I took this picture about a year ago, on a Sunday afternoon, at a coffee house where Caleb and Tanya told me they'd just gotten engaged. Today, they're getting married, and I seriously can't think of any two people better suited for each other. Both so kind, fun-loving, and genuine. I wish I could be there to celebrate with them. Congratulations and best wishes!

Closet Cramming

Yesterday, I came home from work, sat on my couch, and checked my e-mail. After I closed my computer, I leaned back and closed my eyes. The next thing I knew, it was three hours later. Have you ever been so emotionally exhausted that it makes you physically tired, too?
It seems nearly every week at work is more stressful than the last. I try not to let it get to me, but it's not easy when it takes up so much of my day.
Anyway, due to my three-hour nap yesterday, I was stricken with a severe bout of insomnia last night. In the States, when I was bored, I'd go to a movie or shopping; but everything in Italy closes at 7. So what's the next best thing? Online shopping! In my defence, I did buy a few necessities, like new running shoes. But the bulk of it was stuff I don't really need. This is why I should never let myself nap after work.

Thursday, June 05, 2008

Add To Cart

One of the many peculiar things about being stationed overseas is how the BX and Commissary are more than just places to shop. They are a social hub. Any given base operates much like a small community, and since everyone in the community needs groceries, you have a pretty good chance of running in to someone you know or recognise there. At Aviano, the BX, Commissary, movie theatre, and post office all share a parking lot, and it's always abuzz with activity.
Equally peculiar is how I rarely shopped at the BX or Commissary when I was stateside. About the only things I bought on base in Utah were gasoline and booze.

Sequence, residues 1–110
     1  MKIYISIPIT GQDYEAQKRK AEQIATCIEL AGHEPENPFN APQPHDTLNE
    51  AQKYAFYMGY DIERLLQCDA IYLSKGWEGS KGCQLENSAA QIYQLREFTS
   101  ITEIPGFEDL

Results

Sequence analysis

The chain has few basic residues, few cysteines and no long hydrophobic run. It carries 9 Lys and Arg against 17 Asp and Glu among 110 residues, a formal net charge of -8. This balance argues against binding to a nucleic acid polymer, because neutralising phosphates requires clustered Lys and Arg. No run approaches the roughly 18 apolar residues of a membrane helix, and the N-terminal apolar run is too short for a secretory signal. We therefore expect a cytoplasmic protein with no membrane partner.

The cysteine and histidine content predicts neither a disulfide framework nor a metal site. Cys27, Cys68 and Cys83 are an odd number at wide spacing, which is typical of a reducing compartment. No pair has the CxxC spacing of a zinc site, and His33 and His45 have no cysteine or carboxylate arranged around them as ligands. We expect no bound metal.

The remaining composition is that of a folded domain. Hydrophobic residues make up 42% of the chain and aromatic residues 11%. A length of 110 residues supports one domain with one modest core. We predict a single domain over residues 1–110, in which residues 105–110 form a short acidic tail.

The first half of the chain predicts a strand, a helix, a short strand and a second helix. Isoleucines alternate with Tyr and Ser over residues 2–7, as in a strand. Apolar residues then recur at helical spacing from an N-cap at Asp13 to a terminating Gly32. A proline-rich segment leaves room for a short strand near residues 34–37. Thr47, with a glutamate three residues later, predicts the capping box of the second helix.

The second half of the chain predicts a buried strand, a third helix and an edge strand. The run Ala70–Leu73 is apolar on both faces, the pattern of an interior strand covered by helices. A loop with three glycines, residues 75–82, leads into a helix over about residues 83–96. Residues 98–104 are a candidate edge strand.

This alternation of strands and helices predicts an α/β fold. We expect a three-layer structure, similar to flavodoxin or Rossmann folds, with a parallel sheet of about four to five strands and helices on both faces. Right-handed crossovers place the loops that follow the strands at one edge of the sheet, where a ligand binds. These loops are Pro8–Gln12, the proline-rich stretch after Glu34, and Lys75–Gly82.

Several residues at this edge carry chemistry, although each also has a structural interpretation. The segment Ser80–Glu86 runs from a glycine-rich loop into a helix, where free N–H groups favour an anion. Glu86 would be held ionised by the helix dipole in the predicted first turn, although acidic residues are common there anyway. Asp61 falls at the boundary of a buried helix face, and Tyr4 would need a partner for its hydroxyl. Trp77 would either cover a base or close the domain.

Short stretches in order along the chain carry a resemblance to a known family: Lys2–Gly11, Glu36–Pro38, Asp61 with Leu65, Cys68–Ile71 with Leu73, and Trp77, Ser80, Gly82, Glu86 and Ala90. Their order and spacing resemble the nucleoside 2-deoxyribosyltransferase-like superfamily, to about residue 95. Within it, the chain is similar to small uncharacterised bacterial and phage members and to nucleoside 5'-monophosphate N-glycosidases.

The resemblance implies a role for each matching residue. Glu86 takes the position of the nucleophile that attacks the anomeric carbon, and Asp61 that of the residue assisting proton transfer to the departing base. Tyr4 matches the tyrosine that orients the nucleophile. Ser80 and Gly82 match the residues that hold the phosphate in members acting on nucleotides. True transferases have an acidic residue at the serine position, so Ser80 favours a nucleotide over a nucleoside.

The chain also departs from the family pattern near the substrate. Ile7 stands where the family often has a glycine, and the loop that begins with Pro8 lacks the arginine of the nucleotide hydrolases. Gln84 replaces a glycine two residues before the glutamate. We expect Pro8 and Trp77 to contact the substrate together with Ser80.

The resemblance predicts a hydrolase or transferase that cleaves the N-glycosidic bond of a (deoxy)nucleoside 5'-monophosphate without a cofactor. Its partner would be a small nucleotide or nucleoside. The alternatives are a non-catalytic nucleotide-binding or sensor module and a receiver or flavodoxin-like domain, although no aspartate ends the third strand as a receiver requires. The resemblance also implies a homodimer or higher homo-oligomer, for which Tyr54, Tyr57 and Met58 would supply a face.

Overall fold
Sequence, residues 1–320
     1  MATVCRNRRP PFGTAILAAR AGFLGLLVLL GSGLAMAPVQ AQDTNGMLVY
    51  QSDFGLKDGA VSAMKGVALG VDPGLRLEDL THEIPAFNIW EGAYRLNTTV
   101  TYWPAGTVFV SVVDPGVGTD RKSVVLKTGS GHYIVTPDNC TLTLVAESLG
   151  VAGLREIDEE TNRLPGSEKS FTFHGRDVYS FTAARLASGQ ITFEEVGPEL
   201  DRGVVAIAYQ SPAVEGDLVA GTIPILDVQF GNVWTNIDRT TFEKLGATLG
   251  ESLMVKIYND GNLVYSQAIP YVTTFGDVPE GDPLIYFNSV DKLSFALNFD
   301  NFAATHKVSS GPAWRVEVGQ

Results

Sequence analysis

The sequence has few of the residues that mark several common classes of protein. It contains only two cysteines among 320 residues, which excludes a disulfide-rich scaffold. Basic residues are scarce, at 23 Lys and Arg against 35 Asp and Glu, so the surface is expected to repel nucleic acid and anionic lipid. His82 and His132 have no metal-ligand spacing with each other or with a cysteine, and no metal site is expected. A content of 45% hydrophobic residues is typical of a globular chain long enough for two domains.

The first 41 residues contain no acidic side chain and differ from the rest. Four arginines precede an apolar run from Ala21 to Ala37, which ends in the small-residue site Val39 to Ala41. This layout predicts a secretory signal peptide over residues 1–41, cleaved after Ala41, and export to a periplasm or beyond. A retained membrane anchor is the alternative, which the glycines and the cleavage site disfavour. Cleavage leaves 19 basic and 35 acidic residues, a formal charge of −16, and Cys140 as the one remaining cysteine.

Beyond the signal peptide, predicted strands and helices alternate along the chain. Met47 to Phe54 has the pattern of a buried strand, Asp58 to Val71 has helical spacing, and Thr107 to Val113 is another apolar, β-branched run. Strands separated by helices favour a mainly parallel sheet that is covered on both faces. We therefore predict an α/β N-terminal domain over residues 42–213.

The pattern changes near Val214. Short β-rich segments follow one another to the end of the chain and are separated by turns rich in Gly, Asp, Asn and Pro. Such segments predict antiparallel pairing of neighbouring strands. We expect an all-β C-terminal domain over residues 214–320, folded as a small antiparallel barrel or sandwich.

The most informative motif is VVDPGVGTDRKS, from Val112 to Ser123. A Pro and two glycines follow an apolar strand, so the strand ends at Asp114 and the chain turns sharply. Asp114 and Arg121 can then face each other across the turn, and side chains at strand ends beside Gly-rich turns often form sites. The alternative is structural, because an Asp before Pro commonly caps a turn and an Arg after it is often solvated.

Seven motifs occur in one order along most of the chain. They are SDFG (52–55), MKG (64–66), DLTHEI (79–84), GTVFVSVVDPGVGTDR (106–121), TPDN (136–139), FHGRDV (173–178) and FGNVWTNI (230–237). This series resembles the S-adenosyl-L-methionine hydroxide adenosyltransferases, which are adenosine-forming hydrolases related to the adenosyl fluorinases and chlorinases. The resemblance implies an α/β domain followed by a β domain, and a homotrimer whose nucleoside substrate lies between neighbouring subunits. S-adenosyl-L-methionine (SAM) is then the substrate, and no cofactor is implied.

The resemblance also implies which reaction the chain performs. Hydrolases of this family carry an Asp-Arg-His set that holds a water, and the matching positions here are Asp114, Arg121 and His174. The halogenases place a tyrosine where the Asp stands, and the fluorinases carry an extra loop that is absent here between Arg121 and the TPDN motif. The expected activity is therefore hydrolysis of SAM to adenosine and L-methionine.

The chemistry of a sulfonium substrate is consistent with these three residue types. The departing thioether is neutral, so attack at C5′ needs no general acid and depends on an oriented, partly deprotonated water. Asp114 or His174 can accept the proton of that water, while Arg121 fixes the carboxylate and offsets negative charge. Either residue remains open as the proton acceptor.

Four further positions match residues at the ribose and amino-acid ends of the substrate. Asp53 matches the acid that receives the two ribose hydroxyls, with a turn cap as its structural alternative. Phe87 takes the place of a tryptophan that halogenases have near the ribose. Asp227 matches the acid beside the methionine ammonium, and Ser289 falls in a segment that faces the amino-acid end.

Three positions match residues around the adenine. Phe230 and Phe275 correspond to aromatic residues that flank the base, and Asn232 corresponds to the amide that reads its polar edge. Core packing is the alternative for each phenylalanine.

Wednesday, June 04, 2008

My Friends All Drive Porsches, I Must Make Amends

Today, I finally submitted my package for reimbursement of shipping costs for my truck. I've spent the past several weeks filling out forms, tracking down paperwork, and running around to various offices like a headless chicken, retelling my story to a new person each time. And even still, there's no guarantee the main finance office will accept it; however, the guy at the local finance office says it looks like a solid package, and he can see no reason why they wouldn't. I'm crossing my fingers, but not holding my breath.
In other automotive news, my truck is about overdue for an oil change. I can do it myself, but the problem is that nobody around here (on or off base) carries the oil filter I need. And nobody online ships to APO boxes. So, the other day, I went by the auto skills centre on base and asked for a quote to order one. The guy advised me to order several, along with any other parts I might need for minor maintenance. Today, I found out that ordering four oil filters and two air filters will cost me $80. I guess this is why we get a cost-of-living allowance.

Tuesday, June 03, 2008

This is the way the world ends...

Since it was a nice, mellow (three-day) weekend, I decided to catch up on some of my Netflix movies that have been gathering dust on my shelf. One of these was Southland Tales, the second feature from writer/director Richard Kelly. His first was the cult hit Donnie Darko, which was totally brilliant. Southland Tales had a lot of expectations to live up to, and with a cast featuring nearly every B-list actor in Hollywood, how could it go wrong?